Historic Bill establishes fixed-term Parliaments
This was published under the 2010 to 2015 Conservative and Liberal Democrat coalition government
Prime Ministers will no longer have the right to call a General Election at a time of their own choosing: Parliament has passed the historic Fixed-term Parliaments Bill.
Prime Ministers will no longer have the right to call a General Election at a time of their own choosing after Parliament passed the historic Fixed-term Parliaments Bill.
The Bill, passed by Parliament last night, provides for General Elections to take place every five years in May, bringing to an end speculation about when an election might be called. The next General Election is scheduled to take place on 7 May, 2015.
Deputy Prime Minister, Nick Clegg said:
The establishment of fixed-term parliaments is hugely significant. For the first time, governments won’t be able to decide on the timing of elections to suit their own political ends. Instead, people will have certainty and stability in knowing how long a parliament can be expected to last.
Mark Harper, Minister for Political and Constitutional Reform, said:
With the passing of this Bill into law the Prime Minister and the Government have given away a significant power to the House of Commons. The timing of General Elections will no longer be subject to political game-playing, but are set in law. It is a significant step in this Government’s commitment to restore trust in politics and move power away from the centre.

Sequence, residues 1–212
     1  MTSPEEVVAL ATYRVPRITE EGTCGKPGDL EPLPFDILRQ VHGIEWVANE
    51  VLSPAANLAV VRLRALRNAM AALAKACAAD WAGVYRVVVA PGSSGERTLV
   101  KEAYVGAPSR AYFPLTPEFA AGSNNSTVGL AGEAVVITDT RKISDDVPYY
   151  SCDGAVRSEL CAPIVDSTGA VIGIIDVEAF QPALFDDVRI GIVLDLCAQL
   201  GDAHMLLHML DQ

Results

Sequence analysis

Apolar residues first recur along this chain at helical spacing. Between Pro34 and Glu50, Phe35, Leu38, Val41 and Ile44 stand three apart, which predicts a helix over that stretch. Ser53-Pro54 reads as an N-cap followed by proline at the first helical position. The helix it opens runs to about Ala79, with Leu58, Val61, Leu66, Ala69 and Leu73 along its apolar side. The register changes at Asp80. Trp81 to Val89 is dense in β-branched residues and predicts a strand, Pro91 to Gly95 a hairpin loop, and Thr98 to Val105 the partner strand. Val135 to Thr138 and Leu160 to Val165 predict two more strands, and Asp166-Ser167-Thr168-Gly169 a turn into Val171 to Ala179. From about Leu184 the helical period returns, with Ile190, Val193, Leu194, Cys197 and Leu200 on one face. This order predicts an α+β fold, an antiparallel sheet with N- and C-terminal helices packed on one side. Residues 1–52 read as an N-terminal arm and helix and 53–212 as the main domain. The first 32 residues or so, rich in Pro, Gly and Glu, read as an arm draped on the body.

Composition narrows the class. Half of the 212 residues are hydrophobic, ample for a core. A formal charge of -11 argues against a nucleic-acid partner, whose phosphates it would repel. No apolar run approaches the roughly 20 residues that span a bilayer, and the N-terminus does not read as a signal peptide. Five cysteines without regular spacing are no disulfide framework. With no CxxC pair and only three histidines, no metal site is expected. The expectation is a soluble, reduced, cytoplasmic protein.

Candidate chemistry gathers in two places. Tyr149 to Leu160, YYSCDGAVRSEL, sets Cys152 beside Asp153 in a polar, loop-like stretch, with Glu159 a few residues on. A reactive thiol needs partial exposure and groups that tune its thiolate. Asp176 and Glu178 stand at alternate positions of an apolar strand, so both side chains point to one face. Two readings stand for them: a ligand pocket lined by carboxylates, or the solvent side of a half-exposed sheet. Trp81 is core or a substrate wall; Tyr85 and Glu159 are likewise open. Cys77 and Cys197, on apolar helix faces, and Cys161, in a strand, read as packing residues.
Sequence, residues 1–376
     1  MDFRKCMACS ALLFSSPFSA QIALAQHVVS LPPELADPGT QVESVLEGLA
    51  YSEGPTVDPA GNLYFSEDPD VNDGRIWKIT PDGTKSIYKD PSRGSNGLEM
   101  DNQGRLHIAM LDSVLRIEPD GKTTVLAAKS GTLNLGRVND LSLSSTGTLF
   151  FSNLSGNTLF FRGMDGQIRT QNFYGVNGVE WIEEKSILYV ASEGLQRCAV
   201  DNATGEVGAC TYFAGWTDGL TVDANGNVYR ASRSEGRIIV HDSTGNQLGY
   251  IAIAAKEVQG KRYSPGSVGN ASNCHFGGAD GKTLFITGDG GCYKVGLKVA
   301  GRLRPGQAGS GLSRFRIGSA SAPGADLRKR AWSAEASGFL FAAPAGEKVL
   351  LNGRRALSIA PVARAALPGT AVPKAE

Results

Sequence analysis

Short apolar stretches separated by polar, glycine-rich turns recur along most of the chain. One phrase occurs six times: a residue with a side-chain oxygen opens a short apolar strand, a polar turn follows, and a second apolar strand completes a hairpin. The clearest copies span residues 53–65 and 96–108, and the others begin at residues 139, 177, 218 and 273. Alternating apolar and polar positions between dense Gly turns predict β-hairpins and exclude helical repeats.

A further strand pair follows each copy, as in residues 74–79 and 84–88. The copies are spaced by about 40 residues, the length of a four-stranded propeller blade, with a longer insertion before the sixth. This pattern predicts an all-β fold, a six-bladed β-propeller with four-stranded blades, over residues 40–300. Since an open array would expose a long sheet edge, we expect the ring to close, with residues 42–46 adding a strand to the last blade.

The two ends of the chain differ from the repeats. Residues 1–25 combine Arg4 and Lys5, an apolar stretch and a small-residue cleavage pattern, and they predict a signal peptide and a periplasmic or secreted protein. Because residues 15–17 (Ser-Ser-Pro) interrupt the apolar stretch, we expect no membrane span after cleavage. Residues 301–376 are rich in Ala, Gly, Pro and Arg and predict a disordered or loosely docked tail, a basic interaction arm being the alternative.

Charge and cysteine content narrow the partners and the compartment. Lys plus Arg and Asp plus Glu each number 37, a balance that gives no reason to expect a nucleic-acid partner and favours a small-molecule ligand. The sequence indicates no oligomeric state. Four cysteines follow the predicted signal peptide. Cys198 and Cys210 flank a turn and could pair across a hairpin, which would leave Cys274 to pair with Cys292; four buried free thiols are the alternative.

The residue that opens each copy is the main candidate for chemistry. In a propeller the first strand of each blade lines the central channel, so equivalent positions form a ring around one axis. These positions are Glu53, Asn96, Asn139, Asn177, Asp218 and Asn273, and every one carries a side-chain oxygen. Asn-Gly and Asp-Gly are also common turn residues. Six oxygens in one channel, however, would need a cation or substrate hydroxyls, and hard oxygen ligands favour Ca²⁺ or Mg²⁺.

Fixed-terms already exist for local government and the devolved legislatures. The Fixed-term Parliaments Bill will ensure that the opposition and the incumbent Government face the electorate on a set day whatever way the opinions polls are pointing at the time.
The Bill makes provision for elections to be called earlier under only two exceptional circumstances. Parliament can be dissolved early if:
- at least two thirds of MPs vote for dissolution
- a Government is unable to secure the confidence of the House of Commons within 14 days of a no-confidence vote.
For the no confidence vote, a simple majority of fifty per cent plus one will be required. The Fixed-term Parliaments Bill now goes forward for Royal Assent when it will formally become an Act.